Interested in equity, diversity, and inclusion issues in the STEM field? Join us for
talks with academics, practitioners, and educators who are doing the work in a variety
Open to students, faculty, and staff interested in these issues, our STEM Equity Seminars for Owls (SESO) series is hosted by the Science Learning Institute in partnership with our Foothill STEM Division .
Seminar Series Format
Each session will involve a main speaker(s) who will present their research or work. There will be time for questions and answers at the end of each talk.
All sessions are recorded and posted here as well as on the Science Learning Institute YouTube channel for later reference.
School Year 2021-22 Talks
We have finished up our talks for the 2021 - 22 school year. Join us back in fall 2022 for our next series!
In order to ensure a secure Zoom environment, we will be using a waiting room and only admitting participants with a first and last name. Additionally, we will close the Zoom room at 10 minutes past the starting time and only admit participants who contact the Dean (note will be included in the waiting room).
Dr. Kellie Ann Jurado, Presidential Assistant Professor of Microbiology at University of Pennsylvania: 11/12/21
Lessons from Viral Inflammation
Friday, 11/12/21 from 11am - 12:30pm
Kellie Ann Jurado is a Presidential Assistant Professor in the Microbiology Department at University of Pennsylvania. Her research program is interested in emerging viral pathogenesis and in delineating antiviral immune control mechanisms at the maternal-fetal interface and in the central nervous system. She completed her postdoctoral training in Immunobiology with Akiko Iwasaki at Yale University and earned her PhD with Alan Engelman at Harvard University. She is the recipient of many prestigious grants and fellowships, including the L’Oreal for Women in Science Award and mostly recently being named a Pew Biomedical Research Scholar.
Link to the Jurado Lab's website
Dr. Mireille Kamariza, Junior Fellow, Society of Fellows at Harvard University: 1/28/22
The power of solvatochromism: using environment-sensitive probes to diagnose tuberculosis
Friday, 1/28/22 from 11am - 12:30pm
Born in in Burundi, Dr. Mireille Kamariza faced many barriers to becoming a scientist. It was only after immigrating to the United States and later when she started her undergraduate schooling at San Diego Mesa College that her scientific journey began. Given her background and personal interests, Dr. Kamariza's scientific research has since grown to focus on tackling important questions in infectious disease research, especially those that may have direct impact in her country of origin.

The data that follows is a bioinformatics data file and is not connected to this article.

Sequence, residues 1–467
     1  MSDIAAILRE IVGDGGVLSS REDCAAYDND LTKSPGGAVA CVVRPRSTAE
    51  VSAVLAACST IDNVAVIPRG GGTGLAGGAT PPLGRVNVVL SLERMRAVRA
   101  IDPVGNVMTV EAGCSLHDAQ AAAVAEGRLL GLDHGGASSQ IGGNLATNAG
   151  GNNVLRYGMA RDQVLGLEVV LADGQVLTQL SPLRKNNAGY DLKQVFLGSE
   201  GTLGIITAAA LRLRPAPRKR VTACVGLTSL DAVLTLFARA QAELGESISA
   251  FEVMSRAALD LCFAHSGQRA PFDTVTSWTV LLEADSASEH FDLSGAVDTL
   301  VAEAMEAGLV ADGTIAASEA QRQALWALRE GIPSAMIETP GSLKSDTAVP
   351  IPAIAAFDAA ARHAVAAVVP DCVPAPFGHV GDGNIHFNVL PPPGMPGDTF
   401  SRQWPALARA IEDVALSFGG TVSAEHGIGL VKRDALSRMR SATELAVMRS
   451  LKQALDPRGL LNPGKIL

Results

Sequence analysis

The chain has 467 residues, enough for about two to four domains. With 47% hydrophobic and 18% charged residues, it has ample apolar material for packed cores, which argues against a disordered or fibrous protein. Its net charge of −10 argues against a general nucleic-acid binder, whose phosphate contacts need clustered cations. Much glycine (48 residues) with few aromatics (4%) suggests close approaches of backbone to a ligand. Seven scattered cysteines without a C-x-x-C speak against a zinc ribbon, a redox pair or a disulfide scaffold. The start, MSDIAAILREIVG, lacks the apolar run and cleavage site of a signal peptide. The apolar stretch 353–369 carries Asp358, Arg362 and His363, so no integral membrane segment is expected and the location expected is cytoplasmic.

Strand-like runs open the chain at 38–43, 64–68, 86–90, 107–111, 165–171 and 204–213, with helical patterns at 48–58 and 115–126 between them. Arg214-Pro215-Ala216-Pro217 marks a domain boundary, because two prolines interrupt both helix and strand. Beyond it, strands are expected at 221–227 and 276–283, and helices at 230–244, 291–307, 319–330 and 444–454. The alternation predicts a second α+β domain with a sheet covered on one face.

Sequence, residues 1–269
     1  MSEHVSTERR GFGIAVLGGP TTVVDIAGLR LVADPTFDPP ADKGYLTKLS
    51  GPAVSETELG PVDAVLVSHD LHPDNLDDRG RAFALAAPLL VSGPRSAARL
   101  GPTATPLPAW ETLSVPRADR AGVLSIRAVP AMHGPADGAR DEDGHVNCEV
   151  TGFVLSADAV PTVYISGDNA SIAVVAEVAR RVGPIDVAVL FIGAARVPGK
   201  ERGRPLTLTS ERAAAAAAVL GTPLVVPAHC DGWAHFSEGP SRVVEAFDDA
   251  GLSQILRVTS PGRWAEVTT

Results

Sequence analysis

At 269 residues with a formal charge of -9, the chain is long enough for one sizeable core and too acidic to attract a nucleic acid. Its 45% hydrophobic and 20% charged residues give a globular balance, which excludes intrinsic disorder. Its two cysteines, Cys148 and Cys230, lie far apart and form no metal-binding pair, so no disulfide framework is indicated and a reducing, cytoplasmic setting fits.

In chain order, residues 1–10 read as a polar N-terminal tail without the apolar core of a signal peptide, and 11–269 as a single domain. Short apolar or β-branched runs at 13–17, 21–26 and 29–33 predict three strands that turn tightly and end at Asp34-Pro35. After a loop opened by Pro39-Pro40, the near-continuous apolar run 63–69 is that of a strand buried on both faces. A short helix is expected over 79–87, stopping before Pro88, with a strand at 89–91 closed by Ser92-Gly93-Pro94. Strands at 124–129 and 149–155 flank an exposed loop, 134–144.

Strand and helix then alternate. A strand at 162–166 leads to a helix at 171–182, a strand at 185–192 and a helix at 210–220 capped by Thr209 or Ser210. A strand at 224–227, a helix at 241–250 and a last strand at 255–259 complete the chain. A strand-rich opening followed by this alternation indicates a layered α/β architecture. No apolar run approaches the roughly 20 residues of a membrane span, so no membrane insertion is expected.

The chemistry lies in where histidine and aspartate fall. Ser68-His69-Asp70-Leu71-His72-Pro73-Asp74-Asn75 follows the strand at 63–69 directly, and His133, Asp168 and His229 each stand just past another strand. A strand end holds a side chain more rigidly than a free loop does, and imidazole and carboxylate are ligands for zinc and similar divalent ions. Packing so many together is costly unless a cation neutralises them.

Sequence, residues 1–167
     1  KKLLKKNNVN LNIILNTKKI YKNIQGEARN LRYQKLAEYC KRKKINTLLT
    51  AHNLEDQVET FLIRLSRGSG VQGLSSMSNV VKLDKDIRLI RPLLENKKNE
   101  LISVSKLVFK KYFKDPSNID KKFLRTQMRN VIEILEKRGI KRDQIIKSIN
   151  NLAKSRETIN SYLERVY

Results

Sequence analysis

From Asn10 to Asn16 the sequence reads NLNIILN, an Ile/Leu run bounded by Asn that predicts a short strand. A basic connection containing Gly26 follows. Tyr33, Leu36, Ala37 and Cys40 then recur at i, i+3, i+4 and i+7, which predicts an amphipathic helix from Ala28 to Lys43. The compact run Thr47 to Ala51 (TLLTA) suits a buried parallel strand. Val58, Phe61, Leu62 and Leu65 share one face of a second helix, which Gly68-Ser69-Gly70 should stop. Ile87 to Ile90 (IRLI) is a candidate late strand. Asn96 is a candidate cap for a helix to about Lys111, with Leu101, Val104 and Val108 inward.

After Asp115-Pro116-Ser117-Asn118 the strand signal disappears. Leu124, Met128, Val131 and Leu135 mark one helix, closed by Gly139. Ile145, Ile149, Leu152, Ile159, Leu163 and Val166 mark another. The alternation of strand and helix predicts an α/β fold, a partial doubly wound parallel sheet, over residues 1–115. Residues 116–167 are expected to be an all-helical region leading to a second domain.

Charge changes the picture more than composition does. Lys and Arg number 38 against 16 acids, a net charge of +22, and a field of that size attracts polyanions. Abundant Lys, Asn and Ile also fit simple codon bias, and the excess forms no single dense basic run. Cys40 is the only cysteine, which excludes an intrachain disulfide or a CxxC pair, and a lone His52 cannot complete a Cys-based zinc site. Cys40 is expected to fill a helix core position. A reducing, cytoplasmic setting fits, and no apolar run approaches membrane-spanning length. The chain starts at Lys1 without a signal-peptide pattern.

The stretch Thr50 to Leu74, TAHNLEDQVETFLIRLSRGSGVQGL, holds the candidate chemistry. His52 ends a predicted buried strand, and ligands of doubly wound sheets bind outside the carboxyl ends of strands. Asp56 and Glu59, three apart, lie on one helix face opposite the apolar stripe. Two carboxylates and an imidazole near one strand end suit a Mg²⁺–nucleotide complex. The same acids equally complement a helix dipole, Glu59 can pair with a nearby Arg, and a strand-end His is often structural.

In her talk, Dr. Kamariza will describe her work developing novel reagents to rapidly detect tuberculosis in low-resource settings.
Beyond her research duties, Dr. Kamariza is dedicated to increasing diversity in STEM. She has founded and launched several student groups that have gone onto becoming pillars of diversity initiatives during her undergraduate and graduate career. Additionally, she has developed programming to inspire the scientific community to push towards more inclusive research practices and academic agendas. Ultimately, Dr. Kamariza intend to continue leveraging equity and inclusion in social practices and in scientific designs of academic research.
Check out this short video about Dr. Kamariza and her work on PBS Newshour.
Dr. Wendy Todd (Smythe), Dr. Henry Higholt Endowed Professor at University of Minnesota, Duluth : 3/4/22
Indigenous Geoscience Community: Creating Capacity & Safe Spaces for Diverse Scholars
Friday, 3/4/22 from 11am - 12:30pm
Dr. Wendy Todd (Smythe) is an Assistant Professor at the University of Minnesota Duluth and holds a joint appointment between the Departments of American Indian Studies and Earth & Environmental Sciences. She was the 2019 Professional of the Year by the American Indian Science and Engineering Society (AISES) for her interdisciplinary research in geoscience, Native Education, and policy, in 2020 she was elected to the AISES Board of Directors. She was just awarded the Dr. Henry Higholt Endowed Professorship. Dr. Todd is Alaska Native Haida.
This discussion will introduce the Indigenous Geoscience Community whose goals are to address the importance of diversity in the geosciences and will consider Indigenous and Western knowledge systems, education equity, the elements of Place, Belonging, and Identity, that collectively create a Secure space for diverse scholars.
Frank Cascarano and David Marasco, Physics Instructors at Foothill: Friday, 5/20/22
From Foothill and the Physics Show to the SOFIA
Friday, 5/20/22 from 1pm - 2:30pm
Frank Cascarano is a physics instructor at Foothill where he has been teaching since 2003. He did his undergraduate studies at UC Davis in physics and received an M.S. degree from UC San Diego, also in physics. Before coming to Foothill, Frank taught Physics and Astronomy at Hartnell College in Salinas, and prior to that he worked for ten years as a Process Engineer and Manager in the semiconductor industry. Frank’s interests include cooking, beermaking, woodworking, home improvement projects, and watching his sons play roller hockey.
David Marasco has taught physics at Foothill since 2004. He did his undergraduate studies at UC San Diego in physics and philosophy and went on to Northwestern for his Ph.D. David is involved equity efforts in physics through organizations such as the American Association of Physics Teachers, and has been involved in organizing the local chapter for over a decade.